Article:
Nanuet DECA Students Succeed

Urvi Bhatnagar

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DECA is a program to develop business students in areas such as management, marketing, hospitality, and business administration. DECA is an organization that has been around since the 1940s, and it sponsors competitions on different levels for students to be able to simulate a real-life business situation. In this case, students such as the ones in Nanuet are open to doing role play events with judges or written events in which students research to put together a paper that will be presented to a judge. Mrs. Svara, the head of the business department, is in her fourth year of being the Nanuet DECA advisor. She also teaches two business classes in NHS that are available to students as an elective.

According to Mrs. Svara, DECA is a club really pushes people out of their comfort zone. “It’s definitely a lot more challenging than the other things students are doing in the classroom.” Many of the students also face challenges due to the fact that NHS doesn’t have a robust business curriculum while a lot of the schools that compete have 8 or 10 different business electives that students can choose from. However, two students from the club, Julia Mathew and Lydia Jogijose, competed in a marketing competition, and even though they learned about marketing in the class “Intro to Business,” they went out on their own and taught themselves things about marketing that was never covered in class. Being in these events gives students the motivation to pusue self-learning and research, which is something that Mrs. Svara loves seeing. “I love seeing students push themselves, and DECA really provides a lot of opportunities for that.”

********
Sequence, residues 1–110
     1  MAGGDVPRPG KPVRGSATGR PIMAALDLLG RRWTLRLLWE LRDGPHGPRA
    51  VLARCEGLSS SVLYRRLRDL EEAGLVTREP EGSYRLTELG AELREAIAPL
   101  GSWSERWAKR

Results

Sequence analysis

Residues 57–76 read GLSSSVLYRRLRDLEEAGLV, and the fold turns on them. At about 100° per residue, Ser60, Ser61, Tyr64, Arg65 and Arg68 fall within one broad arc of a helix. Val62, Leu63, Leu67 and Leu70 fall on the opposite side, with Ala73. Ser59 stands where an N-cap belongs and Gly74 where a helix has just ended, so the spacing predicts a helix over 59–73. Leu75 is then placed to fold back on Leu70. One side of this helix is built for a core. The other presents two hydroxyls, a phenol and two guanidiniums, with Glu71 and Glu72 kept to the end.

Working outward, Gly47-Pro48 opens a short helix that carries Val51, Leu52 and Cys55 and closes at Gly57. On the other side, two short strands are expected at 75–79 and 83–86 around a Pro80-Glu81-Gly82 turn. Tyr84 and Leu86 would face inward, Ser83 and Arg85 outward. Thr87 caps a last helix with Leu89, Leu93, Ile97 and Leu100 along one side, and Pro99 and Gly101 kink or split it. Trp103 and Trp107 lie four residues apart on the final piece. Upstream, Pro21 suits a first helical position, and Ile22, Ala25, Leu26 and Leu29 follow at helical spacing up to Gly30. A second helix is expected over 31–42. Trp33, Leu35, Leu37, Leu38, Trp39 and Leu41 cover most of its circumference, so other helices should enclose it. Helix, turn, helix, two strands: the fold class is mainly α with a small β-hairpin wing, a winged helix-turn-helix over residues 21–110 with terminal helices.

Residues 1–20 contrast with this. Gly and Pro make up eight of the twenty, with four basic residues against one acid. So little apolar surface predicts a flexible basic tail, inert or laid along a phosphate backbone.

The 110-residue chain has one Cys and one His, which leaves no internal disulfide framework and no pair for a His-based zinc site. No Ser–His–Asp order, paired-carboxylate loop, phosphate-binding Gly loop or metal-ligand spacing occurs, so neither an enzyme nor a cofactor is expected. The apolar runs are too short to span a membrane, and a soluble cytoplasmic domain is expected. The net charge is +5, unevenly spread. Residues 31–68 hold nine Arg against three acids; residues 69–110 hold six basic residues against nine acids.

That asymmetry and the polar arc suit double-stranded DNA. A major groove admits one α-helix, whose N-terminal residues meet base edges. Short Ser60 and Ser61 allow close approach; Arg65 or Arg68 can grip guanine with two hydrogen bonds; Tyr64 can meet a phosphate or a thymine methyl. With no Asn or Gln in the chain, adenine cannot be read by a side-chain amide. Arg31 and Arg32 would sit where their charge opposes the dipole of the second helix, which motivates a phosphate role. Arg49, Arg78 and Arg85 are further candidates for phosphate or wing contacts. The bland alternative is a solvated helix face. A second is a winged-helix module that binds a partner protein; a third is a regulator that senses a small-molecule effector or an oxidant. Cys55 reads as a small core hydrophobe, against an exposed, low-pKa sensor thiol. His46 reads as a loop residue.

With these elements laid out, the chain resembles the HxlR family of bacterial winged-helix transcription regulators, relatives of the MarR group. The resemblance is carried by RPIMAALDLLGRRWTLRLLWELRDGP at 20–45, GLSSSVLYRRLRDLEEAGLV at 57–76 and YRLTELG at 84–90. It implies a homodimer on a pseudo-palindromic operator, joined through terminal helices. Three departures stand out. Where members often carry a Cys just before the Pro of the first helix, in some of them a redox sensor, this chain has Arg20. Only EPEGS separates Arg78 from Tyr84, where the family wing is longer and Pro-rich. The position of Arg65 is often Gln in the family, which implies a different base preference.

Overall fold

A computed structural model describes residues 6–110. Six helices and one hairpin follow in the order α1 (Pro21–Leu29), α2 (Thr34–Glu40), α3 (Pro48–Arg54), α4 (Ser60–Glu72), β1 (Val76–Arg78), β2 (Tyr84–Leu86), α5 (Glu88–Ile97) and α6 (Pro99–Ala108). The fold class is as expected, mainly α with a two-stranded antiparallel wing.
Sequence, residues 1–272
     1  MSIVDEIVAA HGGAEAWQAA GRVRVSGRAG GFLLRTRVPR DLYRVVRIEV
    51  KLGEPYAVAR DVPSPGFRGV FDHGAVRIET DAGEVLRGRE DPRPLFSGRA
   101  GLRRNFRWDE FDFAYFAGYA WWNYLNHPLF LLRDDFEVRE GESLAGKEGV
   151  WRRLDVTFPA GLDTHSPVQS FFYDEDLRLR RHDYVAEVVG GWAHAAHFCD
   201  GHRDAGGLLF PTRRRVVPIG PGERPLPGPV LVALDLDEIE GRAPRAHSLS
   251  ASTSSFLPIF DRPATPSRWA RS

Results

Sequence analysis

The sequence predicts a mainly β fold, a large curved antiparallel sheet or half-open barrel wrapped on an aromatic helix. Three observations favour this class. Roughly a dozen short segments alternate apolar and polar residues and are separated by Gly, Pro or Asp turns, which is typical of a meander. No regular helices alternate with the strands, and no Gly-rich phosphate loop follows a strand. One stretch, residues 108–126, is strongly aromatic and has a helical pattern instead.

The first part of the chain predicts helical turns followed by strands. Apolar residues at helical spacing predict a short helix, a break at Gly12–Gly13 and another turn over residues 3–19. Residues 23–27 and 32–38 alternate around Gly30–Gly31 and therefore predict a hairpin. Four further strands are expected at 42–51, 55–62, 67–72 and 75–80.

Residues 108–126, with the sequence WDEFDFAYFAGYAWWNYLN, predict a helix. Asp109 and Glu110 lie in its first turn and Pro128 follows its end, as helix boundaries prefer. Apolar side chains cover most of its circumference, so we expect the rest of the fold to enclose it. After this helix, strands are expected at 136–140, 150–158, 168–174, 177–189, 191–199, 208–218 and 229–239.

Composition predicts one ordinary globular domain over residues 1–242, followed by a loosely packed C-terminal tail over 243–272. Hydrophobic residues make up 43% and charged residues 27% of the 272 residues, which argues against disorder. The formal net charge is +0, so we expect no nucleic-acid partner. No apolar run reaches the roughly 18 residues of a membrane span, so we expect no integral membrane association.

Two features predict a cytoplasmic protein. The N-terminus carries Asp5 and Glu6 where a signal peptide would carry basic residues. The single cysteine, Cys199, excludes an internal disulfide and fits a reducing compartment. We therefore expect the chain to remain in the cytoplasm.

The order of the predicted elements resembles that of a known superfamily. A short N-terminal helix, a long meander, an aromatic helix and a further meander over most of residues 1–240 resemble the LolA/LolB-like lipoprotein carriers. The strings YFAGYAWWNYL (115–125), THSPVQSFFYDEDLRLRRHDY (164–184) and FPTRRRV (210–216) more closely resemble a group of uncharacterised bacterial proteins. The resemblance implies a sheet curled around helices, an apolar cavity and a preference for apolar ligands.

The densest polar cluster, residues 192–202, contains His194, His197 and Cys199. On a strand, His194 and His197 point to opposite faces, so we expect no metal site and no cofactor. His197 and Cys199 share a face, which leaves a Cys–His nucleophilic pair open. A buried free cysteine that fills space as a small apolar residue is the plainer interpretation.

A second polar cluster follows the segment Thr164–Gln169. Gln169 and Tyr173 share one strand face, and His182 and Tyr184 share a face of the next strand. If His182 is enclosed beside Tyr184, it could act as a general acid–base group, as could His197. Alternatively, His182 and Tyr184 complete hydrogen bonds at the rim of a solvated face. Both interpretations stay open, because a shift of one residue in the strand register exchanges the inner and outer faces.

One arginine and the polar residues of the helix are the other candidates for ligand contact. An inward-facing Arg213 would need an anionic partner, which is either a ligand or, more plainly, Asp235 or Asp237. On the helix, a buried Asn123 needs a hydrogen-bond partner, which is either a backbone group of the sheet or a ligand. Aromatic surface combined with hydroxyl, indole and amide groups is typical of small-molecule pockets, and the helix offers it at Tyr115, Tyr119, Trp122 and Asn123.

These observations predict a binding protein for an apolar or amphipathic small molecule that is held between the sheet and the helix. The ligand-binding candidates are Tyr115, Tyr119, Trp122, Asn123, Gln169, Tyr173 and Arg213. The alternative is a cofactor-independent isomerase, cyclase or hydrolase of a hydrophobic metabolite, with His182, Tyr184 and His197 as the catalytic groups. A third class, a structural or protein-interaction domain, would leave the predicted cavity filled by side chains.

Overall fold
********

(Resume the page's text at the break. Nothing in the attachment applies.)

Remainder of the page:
In DECA, the regional competition usually takes place in Rockland Community College each year in early January. This year NHS competed with eleven or twelve different High Schools there, since this year, new schools have been recruited. This allows students to have more competition. The regional competition is for all role play events. There are three major categories for competition–virtual business, whose second round started on January 8th, written events, which involves research to write a paper and doesn’t require competing until states, and role play events, which are popular. In role play events, students take a test and then do a role play scenario with a judge, where they are required to offer solutions to a business problem. Eventually judges narrow the fields of students who will go to states. The students doing role play have to get either 3rd or 4th place in regionals in order to qualify to go to states, depending on the events they are in. Students who go to regionals spend the morning doing role plays, and in the afternoon, an award ceremony takes place. The students who participate in role play take the test a couple weeks before the actual competition, and this year, it was taken about a month in advance. Thus, the students’ score at regionals combines their test score and their role play score to give them a combined total, which determines how they are ranked. Last year, Sarah Boyle, Matthew Kivlehan, and Brian Sayre attended Nationals (ICDC) for Sports & Entertainment Operations for the Research Event. This year, NHS had about 32 students compete in role play events, and 22 students received medals. We achieved first place in three different events.